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GRAND RAPIDS, Mich. -- Consolidated net sales for the 12-week first quarter at Spartan Stores here jumped 15 percent to $528 million from $459.3 million in last year's first quarter, representing a five-year high, the company said.
The company said the improvement was due primarily to the inclusion of sales from the recently acquired D&W Food Centers stores, new distribution business, the Easter holiday sales shift to this year's first quarter and incremental fuel center sales.
During the first quarter ended June 17, 2006, Spartan's earnings, including a $4.5 million pretax asset impairments and exit costs charge related to the closure of two retail stores and a central bakery operation, were $6.9 million vs. $6 million in the same period last year. Excluding the asset impairments and exit costs charge, year-over-year first-quarter operating earnings improved significantly, company officials said.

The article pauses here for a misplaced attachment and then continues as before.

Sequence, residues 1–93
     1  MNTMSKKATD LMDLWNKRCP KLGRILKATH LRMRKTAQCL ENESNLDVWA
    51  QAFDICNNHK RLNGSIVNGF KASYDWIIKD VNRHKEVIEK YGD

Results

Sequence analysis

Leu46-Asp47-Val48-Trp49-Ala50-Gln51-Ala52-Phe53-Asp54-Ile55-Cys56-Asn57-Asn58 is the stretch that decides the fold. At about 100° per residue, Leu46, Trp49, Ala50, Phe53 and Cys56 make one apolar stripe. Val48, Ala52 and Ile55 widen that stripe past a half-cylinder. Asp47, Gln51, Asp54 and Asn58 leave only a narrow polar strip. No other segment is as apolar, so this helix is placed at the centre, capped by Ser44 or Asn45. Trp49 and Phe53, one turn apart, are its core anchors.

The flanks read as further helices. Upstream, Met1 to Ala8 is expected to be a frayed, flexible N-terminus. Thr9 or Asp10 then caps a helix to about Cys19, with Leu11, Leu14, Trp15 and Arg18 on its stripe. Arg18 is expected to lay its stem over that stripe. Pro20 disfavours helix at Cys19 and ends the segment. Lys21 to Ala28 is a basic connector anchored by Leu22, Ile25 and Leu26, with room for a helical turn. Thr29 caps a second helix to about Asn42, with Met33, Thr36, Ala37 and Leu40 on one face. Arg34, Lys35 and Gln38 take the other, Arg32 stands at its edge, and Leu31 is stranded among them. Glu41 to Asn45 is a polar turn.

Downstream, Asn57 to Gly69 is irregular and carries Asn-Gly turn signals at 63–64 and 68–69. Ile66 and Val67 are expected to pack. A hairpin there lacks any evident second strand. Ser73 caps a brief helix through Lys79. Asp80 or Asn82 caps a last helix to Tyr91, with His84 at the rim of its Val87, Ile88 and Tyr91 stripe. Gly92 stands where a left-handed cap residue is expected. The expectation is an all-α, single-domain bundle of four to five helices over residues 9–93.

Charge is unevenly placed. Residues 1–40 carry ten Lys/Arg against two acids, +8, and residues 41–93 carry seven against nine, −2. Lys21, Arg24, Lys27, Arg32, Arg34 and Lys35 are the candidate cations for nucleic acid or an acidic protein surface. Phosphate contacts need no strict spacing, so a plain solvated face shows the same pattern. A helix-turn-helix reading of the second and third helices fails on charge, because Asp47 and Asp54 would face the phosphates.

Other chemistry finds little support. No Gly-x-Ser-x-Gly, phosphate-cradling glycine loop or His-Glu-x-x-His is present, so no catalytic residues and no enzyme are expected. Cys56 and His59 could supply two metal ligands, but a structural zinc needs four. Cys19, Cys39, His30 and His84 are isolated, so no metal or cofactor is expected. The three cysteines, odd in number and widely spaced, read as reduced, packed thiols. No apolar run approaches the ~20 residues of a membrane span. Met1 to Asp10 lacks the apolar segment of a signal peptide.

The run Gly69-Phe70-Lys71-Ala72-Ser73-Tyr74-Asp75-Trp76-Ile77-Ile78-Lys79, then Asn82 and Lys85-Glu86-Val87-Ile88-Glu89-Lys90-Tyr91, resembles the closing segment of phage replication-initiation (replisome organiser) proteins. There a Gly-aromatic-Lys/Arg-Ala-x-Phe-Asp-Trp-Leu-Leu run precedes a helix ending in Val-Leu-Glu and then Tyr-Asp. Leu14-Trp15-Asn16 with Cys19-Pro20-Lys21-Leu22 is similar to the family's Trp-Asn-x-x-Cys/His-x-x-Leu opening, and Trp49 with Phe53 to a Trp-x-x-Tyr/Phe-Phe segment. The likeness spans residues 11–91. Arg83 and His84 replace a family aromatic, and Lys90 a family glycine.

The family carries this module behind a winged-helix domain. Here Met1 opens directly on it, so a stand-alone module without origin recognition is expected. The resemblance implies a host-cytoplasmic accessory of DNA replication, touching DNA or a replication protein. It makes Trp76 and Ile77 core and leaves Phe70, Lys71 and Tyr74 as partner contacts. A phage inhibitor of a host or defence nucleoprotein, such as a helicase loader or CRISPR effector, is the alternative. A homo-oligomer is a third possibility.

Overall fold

"Our fiscal 2007 is off to a very strong start," said Craig C. Sturken, Spartan Stores' chairman, president and c.e.o. "Our retail and distribution operations achieved solid sales gains despite higher fuel costs and a challenging economic environment." Notwithstanding the asset impairments and exit costs charge, Spartan achieved the highest levels of first-quarter profitability in retail and distribution operations since becoming a public company, said Sturken.
"We remain optimistic about our sales and profit growth prospects for fiscal 2007," he added. "We expect that our distribution sales will continue to benefit from the stores added to our base late in the fiscal 2006 fourth quarter, and we expect to further increase sales penetration with certain existing customers."
While fiscal 2007 earnings are expected to continue showing improvement from a greater mix of higher margin retail sales and operational efficiencies from the D&W acquisition, Sturken said Spartan's first-quarter gross margin improvements will be partially offset by a higher level of promotional activity amid a challenging economic environment.